I waited several minutes before I began the story of the Purple Gorilla. The story begins with a salesman traveling on night through a terrible thunderstorm and finally ends up spending the night at a farmhouse far away from any cities. During the story, the salesman must go through ten doors to find a suspense filled discovery. I was having fun building up the scenario but I was also keeping an eye on the new boys. As I described the opening of the third door we all heard movement in the woods near the boy’s campsite. It sounded like something large.

Interest in the story evaporated as everyone’s thoughts turned to the coyotes we had heard earlier. The young boys were very nervous. I was a little nervous also, I have to admit. All four boys huddled close to me as we grabbed our flashlights and walked to their campsite to discover what had caused the noise. We walked around the site, shining our flashlights in all directions, but seeing nothing. The younger boys wanted me to check out the inside of their tent to be sure nothing had crawled into it. We found nothing in the tent or around the campsite. We heard nothing more. I told the boys it was probably a deer that was passing nearby.

The boys were relieved that we did not find anything, but decided that it was time to go to turn in for the night. The new boys asked me to stay near their tent as they prepared to go to bed. Then I checked on the other boys and walked back to my own campsite.

The story of the Purple Gorilla was all but forgotten. I will have to finish the story at a future outing. As I distinguished the fire I thought that it was a good thing I had not told the story of the Wolfen. If I had, the two new boys probably would not have gone back to their tents.

(By the way, the picture shown was not from this outing but from a weekend in the 1980′s. I do not remember what story they were listening to when I took the picture.)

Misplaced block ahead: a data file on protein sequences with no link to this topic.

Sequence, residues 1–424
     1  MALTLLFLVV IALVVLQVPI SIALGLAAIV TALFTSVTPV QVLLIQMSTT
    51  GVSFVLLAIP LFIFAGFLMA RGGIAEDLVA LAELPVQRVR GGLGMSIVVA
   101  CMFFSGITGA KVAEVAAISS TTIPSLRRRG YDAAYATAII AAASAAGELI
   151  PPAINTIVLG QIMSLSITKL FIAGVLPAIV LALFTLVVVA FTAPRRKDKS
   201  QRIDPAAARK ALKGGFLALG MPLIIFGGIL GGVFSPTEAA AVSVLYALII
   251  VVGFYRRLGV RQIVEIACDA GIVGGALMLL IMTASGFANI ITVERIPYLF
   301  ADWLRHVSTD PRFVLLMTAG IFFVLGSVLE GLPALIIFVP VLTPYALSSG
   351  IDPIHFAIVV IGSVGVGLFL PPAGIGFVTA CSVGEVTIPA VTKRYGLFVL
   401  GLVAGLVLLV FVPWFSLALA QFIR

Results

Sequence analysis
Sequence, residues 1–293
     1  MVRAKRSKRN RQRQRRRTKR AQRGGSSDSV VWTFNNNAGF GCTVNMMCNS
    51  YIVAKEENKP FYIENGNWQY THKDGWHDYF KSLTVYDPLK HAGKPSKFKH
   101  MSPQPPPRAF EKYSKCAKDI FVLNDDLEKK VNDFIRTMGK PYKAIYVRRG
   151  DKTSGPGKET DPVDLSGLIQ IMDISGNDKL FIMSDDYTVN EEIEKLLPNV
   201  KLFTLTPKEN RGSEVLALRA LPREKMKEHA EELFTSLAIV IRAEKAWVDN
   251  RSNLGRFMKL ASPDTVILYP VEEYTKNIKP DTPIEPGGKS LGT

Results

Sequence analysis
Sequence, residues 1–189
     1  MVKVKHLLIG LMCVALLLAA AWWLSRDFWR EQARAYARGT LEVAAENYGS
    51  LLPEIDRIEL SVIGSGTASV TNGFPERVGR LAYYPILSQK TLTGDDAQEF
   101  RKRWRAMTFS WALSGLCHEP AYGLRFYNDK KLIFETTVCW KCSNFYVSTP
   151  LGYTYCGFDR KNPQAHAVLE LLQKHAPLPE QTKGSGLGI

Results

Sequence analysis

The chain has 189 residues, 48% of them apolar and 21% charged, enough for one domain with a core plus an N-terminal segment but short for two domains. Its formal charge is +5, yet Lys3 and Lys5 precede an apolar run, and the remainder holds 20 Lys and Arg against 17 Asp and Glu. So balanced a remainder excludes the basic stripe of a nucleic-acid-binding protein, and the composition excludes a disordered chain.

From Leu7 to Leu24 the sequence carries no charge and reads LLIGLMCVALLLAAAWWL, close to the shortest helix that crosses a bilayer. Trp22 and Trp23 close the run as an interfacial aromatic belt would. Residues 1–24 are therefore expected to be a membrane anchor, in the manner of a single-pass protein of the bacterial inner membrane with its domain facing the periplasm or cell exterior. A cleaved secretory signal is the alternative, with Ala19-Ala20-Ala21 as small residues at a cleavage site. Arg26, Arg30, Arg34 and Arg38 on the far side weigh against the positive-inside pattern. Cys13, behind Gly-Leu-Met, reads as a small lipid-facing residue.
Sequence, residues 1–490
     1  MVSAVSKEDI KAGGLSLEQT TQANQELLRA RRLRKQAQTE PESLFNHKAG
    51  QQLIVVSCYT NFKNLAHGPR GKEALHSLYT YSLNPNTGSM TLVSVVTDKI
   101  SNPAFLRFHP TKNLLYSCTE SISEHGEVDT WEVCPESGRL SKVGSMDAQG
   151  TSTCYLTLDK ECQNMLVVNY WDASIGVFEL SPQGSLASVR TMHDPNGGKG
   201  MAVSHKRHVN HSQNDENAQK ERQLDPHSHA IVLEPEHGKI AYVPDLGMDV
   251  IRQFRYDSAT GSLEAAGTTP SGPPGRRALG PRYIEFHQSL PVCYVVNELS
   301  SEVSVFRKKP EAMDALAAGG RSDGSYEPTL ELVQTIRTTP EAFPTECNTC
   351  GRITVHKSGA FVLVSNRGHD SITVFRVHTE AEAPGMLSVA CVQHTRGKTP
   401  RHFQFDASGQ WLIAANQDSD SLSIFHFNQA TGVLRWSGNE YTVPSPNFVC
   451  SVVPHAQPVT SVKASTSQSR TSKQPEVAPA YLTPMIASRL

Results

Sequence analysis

100 Days Of Scouting: Day 96.

Scoutmaster Steve and Buttons, the radical Boy Scout, have put together a special Christmas show for your enjoyment. The Boy Scouts of Troop 68 sing Jingle Bells and Rudolph, the Red Nose Reindeer. Stories include the Christmas Scout, the legend of Santa Claus Camp, and Matthew’s Christmas story.

Steve and Buttons wish you all a very Merry Christmas and a Happy New Year. They also thank you for being a fan and listening to the podcast.

Send us your emails. You can contact Buttons at buttonst68@yahoo.com. You may contact Scoutmaster Steve at stevejb68@yahoo.com. Please rate the show and/or leave a comment at the iTunes store.

You can also follow the hosts on Twitter at twitter.com/stevejb68 or twitter.com/buttonst68 .

Download the episode by clicking HERE.
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Show notes:
The Christmas Scout – http://www.melrosetroop68.org/blog/?p=204
The Legend of Santa Claus Camp – http://www.melrosetroop68.org/blog/?p=201
Troop 68 Boy Scout sings Christmas Songs – http://www.ptcmedia.net/podpress_trac/web/2478/0/Christmas_Scouts.m4v

Boots Hanson was the first caretaker of Many Point Scout Camp. In fact, he and the other council leaders created a new style summer camp in which Boy Scouts would camp together with members of their own troop. His hard work and great love of the outdoors and Scouting brought this new idea to reality. According to the Many Point Alumni website (http://mpalumni.nsbsa.org/lanternslight/SU1991.pdf):

As the Chief Ranger, Boots came to have a unique and uncommon understanding of the function and purpose of a Scout Camp. This he fathomed better than most and even better than many Professional Scouters. He recognized that the purpose of a Scout Camp was much more than badges and awards, swim meets and canoe trips, campfires and ceremonies. He understood, in his quiet way, that the primary purpose of a Boy Scout Camp was to offer the troop and its leaders an experience in the daily chores, cares and joys of shared Troop Community living which would prepare them for an even richer Scouting experience in the Troop Room back home. From this Scouts would glean the skills and values needed for contributing citizens as adults. Every nail pounded, every campsite cleared, every trail and road built was done with this in mind.
Every week at Many Point Scout Camp, during the opening campfire, the camp director tells the story of Boots Hanson and the meaning of the red lantern, an icon at camp. In this 2007 video Kevin, the director of the Buckskin Camp, tells the story to the new campers in the dining hall. (It was raining that evening.)




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Check out other great Scouting podcasts at PTC Media, including The Leader’s Campfire and Around The Scouting Campfire.